Q. A venturimeter has an area ratio 9.1, the large diameter being 30 cm. During the flow, the recorded pressure head in the large section is 7.75 m and that at the throat is 5.5 m. Find the discharge through the meter if C,0.98.

Soln.:

Given:

Discharge of inlet

d1 = 0.3 m

Pressure at inlet

Pressure head at throat

Coefficient of discharge Cd, = 0.98

Area

Pressure head

Discharge

Q. A venturimeter is to be fitted to a pipe of area 0.01787 m² A maximum discharge of 5 m/min under a pressure of 4.5 m flows through the pipe. Find the diameter at the throat for no negative pressure at the throat.

Soln.:

Given:

a1 = 0.01767 m². Q = 5 m²/min=0.08333 m/sec

Pressure head = 4.5 m

To find: Diameter of throat i.e., d

Considering the venturimeter to be horizontal

Applying Bernoulli’s equation at section (1) and (2)

But Z1=Z2

And as there is no negative pressure at throat considering

Discharge Q

(Assuming C=0.98)

Q. A venturimeter is fitted to 25 cm diameter pipe. A discharge 10 m³/s flowing through venturimeter, develops a venturi head of 3.5 m of water. Find the minimum diameter of throat so that there is no negative head developed.

Soln.:

Given:

D = 25 cm = 0.25 m, Q = 10 m³/s,

To find:

d for no negative head developed.

a₁ = area of inlet =

Cd=1

Squaring both side

Q. A pitot tube records of 7.85 kN/m² as the stagnation pressure when it is head at the centre of pipe of 250 mm diameter conveying water. The static pressure in the pipe is 40 mm of mercury (gauge-vacuum). Calculate the discharge through the pipe assuming that the mean velocity of flow is 0.8 times the maximum velocity. Take C, = 0.98.

Soln.:

Given:

Stagnation pressure p₁= 7.85 kN/m²

Pressure at center of pipe = 40 mm of mercury

P2 = -0.04×13.6 x 9.81-5.336 kN/m

Mean velocity = 0.8 x maximum velocity

Pressure head

Maximum velocity

Mean velocity (V)=0.8 x Maximum velocity = 0.8 x 5.033=4.0264 m/sec

Discharge Q

Discharge through the pipe 197.65 Lps.

Q. A pitot static tube is used to measure velocity of an aeroplane. U-tube differential manometer gives deflection of 100 mm of water. If specific weight of air is 12 N/m and coefficient of pitot tube is 0.98. Determine speed of aeroplane. Neglect compressibility effects.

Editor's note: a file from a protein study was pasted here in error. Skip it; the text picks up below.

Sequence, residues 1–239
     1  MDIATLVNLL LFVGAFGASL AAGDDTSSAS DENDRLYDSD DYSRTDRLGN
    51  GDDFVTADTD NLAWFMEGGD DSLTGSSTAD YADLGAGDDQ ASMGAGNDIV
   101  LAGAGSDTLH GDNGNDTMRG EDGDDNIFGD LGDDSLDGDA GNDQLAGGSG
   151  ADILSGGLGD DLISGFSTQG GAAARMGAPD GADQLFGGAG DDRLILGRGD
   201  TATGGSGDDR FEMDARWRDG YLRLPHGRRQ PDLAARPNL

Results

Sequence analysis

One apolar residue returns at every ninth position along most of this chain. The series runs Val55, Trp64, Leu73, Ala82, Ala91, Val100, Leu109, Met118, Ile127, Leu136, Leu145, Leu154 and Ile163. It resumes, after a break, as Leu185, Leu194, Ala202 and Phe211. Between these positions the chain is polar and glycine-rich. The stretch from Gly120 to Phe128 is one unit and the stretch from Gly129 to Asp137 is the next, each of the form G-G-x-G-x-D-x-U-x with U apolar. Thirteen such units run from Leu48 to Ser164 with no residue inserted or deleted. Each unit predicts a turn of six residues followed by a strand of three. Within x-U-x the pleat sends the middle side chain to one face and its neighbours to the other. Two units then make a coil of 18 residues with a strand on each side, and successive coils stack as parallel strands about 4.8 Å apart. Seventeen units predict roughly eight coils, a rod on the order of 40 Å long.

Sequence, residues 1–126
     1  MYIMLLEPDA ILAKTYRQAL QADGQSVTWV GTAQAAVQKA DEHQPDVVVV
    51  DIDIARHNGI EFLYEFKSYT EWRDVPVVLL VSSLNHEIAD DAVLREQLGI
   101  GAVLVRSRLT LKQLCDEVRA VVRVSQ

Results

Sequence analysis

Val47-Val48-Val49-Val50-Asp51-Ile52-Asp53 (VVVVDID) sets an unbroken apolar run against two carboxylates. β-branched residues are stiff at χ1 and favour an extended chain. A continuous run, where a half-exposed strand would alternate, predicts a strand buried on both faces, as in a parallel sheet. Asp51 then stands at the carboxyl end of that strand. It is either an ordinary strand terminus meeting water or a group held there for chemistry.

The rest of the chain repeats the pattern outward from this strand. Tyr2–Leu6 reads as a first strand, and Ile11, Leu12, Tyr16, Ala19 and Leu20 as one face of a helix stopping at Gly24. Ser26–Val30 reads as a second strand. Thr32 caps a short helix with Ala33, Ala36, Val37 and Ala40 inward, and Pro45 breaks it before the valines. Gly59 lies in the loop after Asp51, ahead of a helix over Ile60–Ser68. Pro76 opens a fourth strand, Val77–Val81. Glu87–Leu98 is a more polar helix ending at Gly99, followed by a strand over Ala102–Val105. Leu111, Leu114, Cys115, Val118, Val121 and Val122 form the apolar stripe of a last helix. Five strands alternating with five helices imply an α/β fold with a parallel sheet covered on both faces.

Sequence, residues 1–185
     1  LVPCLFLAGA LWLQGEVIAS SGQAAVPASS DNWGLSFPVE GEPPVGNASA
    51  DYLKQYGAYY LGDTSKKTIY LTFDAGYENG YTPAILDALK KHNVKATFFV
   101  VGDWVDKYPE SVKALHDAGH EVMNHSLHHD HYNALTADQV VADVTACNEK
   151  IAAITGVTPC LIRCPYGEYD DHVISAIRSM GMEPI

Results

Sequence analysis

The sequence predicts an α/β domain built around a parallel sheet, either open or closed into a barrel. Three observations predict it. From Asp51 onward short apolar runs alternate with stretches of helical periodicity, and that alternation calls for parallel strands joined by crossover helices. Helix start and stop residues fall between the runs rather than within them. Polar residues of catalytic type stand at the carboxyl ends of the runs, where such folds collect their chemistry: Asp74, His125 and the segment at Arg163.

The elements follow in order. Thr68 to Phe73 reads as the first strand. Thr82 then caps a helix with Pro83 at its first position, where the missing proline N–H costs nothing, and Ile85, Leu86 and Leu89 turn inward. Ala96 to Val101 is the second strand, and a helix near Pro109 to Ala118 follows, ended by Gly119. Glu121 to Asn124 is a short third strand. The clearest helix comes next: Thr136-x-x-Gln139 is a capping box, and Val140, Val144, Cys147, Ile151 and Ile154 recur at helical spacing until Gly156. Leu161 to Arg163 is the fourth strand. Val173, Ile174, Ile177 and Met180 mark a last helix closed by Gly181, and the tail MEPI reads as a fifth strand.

Soln.:

Given:

C = 0.98. Ya = 12 N/m².

x = 100 mm of water = 0.1m

To find: Speed of aero plane V =?

Specific gravity of air

Specific gravity of water

Sw = 1

Speed of aircraft

The speed of aeroplane is 39.28 m/s.

Q. An Orifice of diameter 12 cm is inserted in a pipe of 24 cm diameter. The end pressure gauge fitted upstream and 2 downstream of the orifice metre gives readings 29.43 N/cm and 14.72 N/cm respectively. Co-efficient of discharge of orifice metre is given by 0.6. Find the discharge of water through pipe.

Soln.:

Given:

d, = 24 cm = 0.24 m, p, 29.43 N/cm² = 294.3 kN/m² 4-12 cm-0.12 m. p₂= 14.72 N/cm² Cv= 0.6

Area A₁

Pressure difference

Discharge, Q

The discharge through the pipe is 120 Lps.

Q. Two reservoir at different elevations are connected with a compound pipe of 1 km total length; consisting of two sections. First section connect to higher level reservoir is 500 m long and 200 mm in a diameter and other half is connected to lower-level reservoir and has 100 mm diameter. Darcy Weisbach friction factors for the pipes are 0.019 and 0.02 respectively. If velocity of flow of water in the second section is 1.5 m/s. Find the difference in water levels in the reservoirs considering all losses. Find the rate of flow of water also. Find diameter of single uniform diameter pipe replace the above pipeline to carry same discharge. Take f = 0.018 for the pipe.

Soln.:

Fig: 14

Given:

d₁= 200 mm = 0.2 m

f₁ = 0.019 d₂ = 100 mm = 0.1 m

f₂ = 0.02

L = 1 km

By continuity equation,

A₁V₁ = A₂V₂

Case I:

Major losses = Loss due to friction Loss due to friction in pipe 1 in pipe 2

Minor losses = Loss at entry + Loss due to contraction + loss at exit

Total losses = Major losses+ Minor losses

Case II: New pipe with uniform diameter.

The diameter of single equivalent pipe is 114.16 mm.

Q. Three pipes 300 m, 150 m, 200 m long having diameters 300 mm, 200 mm and 250 mm respectively are connected in a series in the same order. Pipe having 300 mm diameter in connected to the reservoir. Water level in the reservoir is 15 m above the pipe are 0.018, 0.02 and 0.019. Determine the flow rate, magnitude of loss in each pipe section, and the diameter when the three pipes are replaced by a single pipe (f = 0.016) to give the same discharge. Neglect the minor losses.

Soln.

Fig: 15

Let V1, V1, and V3, are the velocities in the pipe 1, 2, 3 respectively.

By continuity equation

Major loss = hf1+hf2+hf3

Flow rate

Head loss in each pipe

Diameter when three pipes are replaced by single pipe

Using Dupit’s equation

References:

1. Fluid mechanics and machinery R Berndtsson and P.N. Chadramouli

2. Hydraulic and fluid mechanics, PM Modi and SM Seth

3. Theory and applications of fluid mechanics, K Subramanya, Tata McGraw Hill

4. Fluid mechanics with engineering applications, RL Daughterty, JB Franzini